Breckenridge Dew Tour Turns 5: A Brief History of Progression

With higher stakes and greater anticipation than ever before, the Dew Tour is set to return to the site of where it all began - Colorado's Breckenridge Ski Resort.

Four years ago, the Winter Dew Tour was launched, and Breck was selected to be the leadoff stop. Since that time, so much has evolved. From the progression of tricks being thrown on the snow to the boundary-pushing courses required to keep up with that progression, it's amazing how far things have come in these last few years, and Breck has been an integral part of that. So when the new Dew Tour format for 2012 called for one grand-slam Mountain stop, it's only fitting that the tour chose to return there.

2009 was a game-changer in the world of superpipe snowboarding. After Shaun White landed back-to-back double corks at a contest that August, it immediately became the "must-have" trick of the upcoming season. With the Winter Olympics just around the corner, a full-fledged arms race was underway to not just learn the double cork, but to see how many you could get into your run.

Up to this point, 18 feet had been the standard pipe size at most contests, but the Vancouver Olympics opted for a 22-foot superipe which better allowed for the progression of tricks such as the double cork. The larger pipe soon became the preferred option for the world's top shredders.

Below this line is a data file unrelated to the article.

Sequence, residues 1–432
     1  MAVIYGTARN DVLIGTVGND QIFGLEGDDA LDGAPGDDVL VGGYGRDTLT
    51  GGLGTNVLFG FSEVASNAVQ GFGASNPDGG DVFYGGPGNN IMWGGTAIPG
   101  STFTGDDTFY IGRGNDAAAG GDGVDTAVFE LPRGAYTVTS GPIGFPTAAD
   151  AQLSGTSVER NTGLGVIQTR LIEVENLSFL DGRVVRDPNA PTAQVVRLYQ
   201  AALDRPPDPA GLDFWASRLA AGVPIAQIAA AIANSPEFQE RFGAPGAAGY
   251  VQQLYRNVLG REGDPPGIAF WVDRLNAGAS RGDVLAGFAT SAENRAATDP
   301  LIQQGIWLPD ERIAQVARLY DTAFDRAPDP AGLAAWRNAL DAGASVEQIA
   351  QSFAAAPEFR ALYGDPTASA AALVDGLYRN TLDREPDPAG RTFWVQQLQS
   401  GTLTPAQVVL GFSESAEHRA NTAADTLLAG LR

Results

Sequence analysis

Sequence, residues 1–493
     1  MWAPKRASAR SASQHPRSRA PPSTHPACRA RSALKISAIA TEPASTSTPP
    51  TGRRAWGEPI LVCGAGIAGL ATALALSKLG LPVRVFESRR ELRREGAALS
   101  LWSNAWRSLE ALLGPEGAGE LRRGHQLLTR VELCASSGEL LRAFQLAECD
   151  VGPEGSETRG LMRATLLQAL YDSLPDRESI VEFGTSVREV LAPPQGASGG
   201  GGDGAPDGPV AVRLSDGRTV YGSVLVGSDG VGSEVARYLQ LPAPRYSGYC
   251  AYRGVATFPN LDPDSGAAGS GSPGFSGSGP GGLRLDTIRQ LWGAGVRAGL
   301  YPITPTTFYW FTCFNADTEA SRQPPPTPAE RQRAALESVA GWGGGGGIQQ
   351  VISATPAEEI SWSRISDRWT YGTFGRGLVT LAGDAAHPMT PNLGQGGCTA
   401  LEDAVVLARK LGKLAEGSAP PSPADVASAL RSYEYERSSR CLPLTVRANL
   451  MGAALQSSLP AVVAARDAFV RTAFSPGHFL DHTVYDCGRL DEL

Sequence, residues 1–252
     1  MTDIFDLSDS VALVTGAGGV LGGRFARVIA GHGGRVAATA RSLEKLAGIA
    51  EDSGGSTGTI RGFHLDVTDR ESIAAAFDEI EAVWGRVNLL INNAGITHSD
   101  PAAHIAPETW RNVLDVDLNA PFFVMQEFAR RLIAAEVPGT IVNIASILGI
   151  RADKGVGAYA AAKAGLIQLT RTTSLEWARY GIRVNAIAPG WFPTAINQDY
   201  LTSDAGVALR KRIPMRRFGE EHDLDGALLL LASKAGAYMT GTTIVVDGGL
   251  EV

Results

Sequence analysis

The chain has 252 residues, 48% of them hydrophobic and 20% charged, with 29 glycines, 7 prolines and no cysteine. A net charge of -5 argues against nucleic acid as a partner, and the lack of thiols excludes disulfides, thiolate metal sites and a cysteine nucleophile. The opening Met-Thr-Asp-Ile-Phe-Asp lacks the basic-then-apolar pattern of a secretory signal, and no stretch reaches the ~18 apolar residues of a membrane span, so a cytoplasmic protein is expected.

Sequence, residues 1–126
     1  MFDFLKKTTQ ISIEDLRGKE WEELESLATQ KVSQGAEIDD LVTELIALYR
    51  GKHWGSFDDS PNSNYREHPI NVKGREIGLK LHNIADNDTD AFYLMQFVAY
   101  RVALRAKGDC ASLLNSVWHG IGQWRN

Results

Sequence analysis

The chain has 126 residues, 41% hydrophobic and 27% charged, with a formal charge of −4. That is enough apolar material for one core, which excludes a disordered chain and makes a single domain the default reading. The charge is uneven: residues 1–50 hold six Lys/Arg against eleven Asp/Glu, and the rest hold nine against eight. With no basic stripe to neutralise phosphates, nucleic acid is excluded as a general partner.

And just like that, the landscape of the contest circuit - Dew Tour and Breck included - was forever altered.

Danny Davis wins the Dew Tour's first-ever snowboard superipe contest in 2008

The first two Dew Tour stops at Breck were both won by Danny Davis. His winning run in 2008 was highlighted by a switch backside 720 and back-to-back 1080s. Danny showed up the following year, with his now-signature beard, and worked a cab double cork 1080 into his run.

Starting in 2010, Breck began building 22-foot pipes to match the new standard, and the progression since then has been obvious. Despite dealing with snowy conditions that year, which slowed down the pipe, Louie Vito stuck an impressive run that featured back to back double cork 1080s (frontside to cab), a crippler, a Michalchuk, a frontside 1080 and a cab 720.

Louie Vito, Breck 2010

Last year Breck stepped things up yet again, increasing the length of the pipe to 602 feet, which made it the longest pipe in existence at the time. The extra length gave the riders more wall to work with on their hits, and the result was one of the greatest showdowns to date. Iouri Podlachikov came out with a backside double cork 1260, Shaun White responded with a double McTwist 1260, and Louie Vito capped things off with three doubles and a 1260.

Despite tough competition, this run gave the victory to Shaun last year

The skiers have also been pushing the limits over the years that Breck has hosted the Dew Tour. The first four years at Breck have provided four different winners in ski superpipe and more impressive runs with each passing season.

In 2008, Tanner Hall had a 1260 and a switch 1080 in his winning run. In 2009, Mike Riddle landed a double flatspin and back-to-back 900s in opposite directions. Then in 2010 - the first year with the new 22-foot pipe - the double cork barrage began, as contest winner Simon Dumont now had the double 1260 in his bag of tricks. The progression continued last year when Kevin Rolland laid down an unprecedented run with three doubles in a row.

Watch Kevin Rolland set a new standard for pipe runs last year

Whether you love or hate the doubles - and certainly there are vocal fans on both sides - there's no doubt that the adoption of the trick has led to tons of progression in recent years, and the Breck courses have come to reflect the need for contests to grow with the sport.